Acupuncture: A Connective Tale
How will Western medicine make sense of acupuncture? Initially dismissed and now more or less accepted as an alternative or complementary treatment, acupuncture is still marginalized in medical education, mainly because it is based on theories and philosophies so different from the scientific methodologies that emerged in Europe and America over the last few centuries.
But that period of marginalization may be ending soon. A 25-minute video from the Vermont PBS series Emerging Science focuses on the work of Helene Langevin, MD, a University of Vermont researcher who is exploring relationships between acupuncture and the largely unknown world of connective tissue. Usually, when we think of connective tissue, we think of muscles, ligaments, and tendons, specialized connectors for large structural elements like bones and organs. But non-specialized connective tissues are everywhere in the body. They are beneath the skin, part of every organ; they enclose the tiniest vessels and pathways, quite literally connecting everything to everything else.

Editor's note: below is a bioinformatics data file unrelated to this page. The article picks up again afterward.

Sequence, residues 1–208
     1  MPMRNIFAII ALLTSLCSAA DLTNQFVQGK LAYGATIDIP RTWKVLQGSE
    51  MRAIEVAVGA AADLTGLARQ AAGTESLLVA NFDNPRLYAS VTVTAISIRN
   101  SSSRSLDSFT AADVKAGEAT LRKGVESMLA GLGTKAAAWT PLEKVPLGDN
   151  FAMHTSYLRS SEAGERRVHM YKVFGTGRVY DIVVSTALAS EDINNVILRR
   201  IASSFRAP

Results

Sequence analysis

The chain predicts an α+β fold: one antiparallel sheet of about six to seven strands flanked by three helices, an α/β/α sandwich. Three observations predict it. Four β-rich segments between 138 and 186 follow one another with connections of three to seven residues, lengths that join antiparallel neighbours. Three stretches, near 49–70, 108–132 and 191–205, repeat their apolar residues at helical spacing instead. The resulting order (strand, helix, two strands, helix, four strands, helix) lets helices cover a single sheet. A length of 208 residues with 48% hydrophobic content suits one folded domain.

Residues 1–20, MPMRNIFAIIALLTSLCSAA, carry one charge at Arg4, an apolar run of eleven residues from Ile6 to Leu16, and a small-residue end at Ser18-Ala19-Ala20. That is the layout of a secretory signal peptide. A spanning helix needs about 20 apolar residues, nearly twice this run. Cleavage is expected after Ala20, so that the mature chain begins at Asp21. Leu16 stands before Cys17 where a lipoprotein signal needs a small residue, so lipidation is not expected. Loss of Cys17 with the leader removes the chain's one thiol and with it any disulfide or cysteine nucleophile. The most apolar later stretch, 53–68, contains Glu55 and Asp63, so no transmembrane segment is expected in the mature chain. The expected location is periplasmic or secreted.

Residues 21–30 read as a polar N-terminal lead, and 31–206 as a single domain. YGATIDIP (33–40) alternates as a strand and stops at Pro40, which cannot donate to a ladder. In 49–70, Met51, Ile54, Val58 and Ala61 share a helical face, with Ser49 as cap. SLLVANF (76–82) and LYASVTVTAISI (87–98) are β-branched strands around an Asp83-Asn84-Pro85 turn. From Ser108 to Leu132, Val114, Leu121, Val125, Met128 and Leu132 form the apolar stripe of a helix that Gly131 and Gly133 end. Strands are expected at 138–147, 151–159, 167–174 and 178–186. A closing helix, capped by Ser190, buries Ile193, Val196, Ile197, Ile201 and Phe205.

Dr. Langevin is applying Western methodological tools to the practice of acupuncture. She is looking in connective tissue for a “mechanistic path” between the physical actions of the acupuncturists’ needles and patients’ experiences of pain reduction. She seeks to document the means by which connective tissues exchange information across their extensive network. In a society that has become dangerously pill-dependent, many clinicians are ready to open a conversation between different cultural and medical traditions. It’s possible that Dr. Langevin’s work heralds a new chapter in that conversation.